In Great Britain, gardens account for 30% of the space in our urban areas so they’re very important habitats for a variety of birds. The RSPB host the Big Garden Birdwatch each year, where people are asked to spend an hour counting the birds that they can see. You don’t even have to brave the cold by standing outside in your garden or on a balcony; you can take part by watching the birds through a window.
The Birdwatch allows the RSPB to establish how healthy our bird populations are by comparing the results, year on year. They can identify if bird species are thriving or declining and can then research the why that is. The Birdwatch has been happening for over 40 years now and these snapshots have allowed the RSPB to better understand the challenges that our garden birds are facing. By monitoring bird numbers, they can identify problems and aim to put them right. Finding out which birds don’t visit your area is as important as finding out which ones do. With new developments encroaching on green belt land, our gardens are becoming increasingly important habitats for our wildlife.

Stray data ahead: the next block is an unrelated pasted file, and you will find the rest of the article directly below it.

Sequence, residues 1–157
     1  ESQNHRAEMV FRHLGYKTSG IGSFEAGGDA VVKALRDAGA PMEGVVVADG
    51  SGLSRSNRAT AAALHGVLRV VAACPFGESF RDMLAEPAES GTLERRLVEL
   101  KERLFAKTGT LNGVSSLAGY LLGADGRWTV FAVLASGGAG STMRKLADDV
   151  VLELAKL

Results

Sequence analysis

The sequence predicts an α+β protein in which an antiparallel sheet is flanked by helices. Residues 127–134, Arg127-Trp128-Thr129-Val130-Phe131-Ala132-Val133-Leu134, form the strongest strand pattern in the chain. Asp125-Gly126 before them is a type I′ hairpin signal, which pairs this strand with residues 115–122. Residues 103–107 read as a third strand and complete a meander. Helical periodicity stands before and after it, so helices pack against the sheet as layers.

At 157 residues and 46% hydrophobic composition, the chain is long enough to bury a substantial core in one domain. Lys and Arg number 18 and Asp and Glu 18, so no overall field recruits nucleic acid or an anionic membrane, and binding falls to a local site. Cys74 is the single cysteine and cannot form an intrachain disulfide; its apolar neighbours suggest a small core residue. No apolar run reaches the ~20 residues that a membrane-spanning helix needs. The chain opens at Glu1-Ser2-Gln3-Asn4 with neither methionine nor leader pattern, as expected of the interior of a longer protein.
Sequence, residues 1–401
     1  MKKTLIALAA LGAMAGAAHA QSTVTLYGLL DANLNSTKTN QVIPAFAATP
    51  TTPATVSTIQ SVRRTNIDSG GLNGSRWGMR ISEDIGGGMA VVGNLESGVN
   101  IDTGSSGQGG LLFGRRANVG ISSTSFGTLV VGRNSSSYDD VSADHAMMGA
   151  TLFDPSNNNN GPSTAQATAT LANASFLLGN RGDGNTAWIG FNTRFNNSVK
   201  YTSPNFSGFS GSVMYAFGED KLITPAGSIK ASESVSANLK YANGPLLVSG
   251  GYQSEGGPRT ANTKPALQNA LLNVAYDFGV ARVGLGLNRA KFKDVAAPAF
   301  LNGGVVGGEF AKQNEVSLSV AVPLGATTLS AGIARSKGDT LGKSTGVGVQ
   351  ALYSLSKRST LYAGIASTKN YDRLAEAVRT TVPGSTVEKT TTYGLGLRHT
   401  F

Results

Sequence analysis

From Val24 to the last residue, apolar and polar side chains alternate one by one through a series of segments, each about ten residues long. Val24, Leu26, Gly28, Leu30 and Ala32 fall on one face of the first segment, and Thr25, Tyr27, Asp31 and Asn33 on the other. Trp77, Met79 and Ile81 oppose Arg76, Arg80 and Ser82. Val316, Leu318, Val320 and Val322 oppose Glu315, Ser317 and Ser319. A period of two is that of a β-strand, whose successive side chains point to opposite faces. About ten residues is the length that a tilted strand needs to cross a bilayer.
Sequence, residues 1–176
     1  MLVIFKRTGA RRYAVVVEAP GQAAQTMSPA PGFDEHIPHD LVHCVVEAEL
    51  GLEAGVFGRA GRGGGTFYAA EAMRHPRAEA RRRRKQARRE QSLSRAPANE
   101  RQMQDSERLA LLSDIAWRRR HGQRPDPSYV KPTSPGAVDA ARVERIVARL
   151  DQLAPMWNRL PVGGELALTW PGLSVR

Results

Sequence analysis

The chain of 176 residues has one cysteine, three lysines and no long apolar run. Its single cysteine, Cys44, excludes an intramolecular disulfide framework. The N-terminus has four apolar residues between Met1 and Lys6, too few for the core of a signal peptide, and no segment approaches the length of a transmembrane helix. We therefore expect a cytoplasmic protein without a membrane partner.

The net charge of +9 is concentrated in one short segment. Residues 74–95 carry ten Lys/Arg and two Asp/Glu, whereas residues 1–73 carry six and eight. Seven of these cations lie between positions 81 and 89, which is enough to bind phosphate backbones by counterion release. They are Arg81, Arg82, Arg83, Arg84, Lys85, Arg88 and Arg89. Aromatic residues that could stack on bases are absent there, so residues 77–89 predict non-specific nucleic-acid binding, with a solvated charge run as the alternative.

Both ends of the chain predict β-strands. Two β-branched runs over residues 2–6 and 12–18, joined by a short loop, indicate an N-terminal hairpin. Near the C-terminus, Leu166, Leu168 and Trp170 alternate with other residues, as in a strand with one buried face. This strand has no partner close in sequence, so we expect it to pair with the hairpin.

All you need to get involved is here: https://www.rspb.org.uk/get-involved/activities/birdwatch/ In essence all you need is:
- To pick an hour between 29th and 31st January
- Count the birds you can see in your garden/from your balcony
- Submit the results online (rspb.org.uk/birdwatch) or by post
A ‘how to’ guide, bird ID and form for postal submission are all available at the RSPB’s website.
More than 5,000 people in Tyne and Wear took part last year; here are the Top 20 most-often seen birds:
- House sparrow
- Blue tit
- Feral pigeon
- Great tit
- Collared dove
- Coal tit
- Long tailed tit
- Carrion crow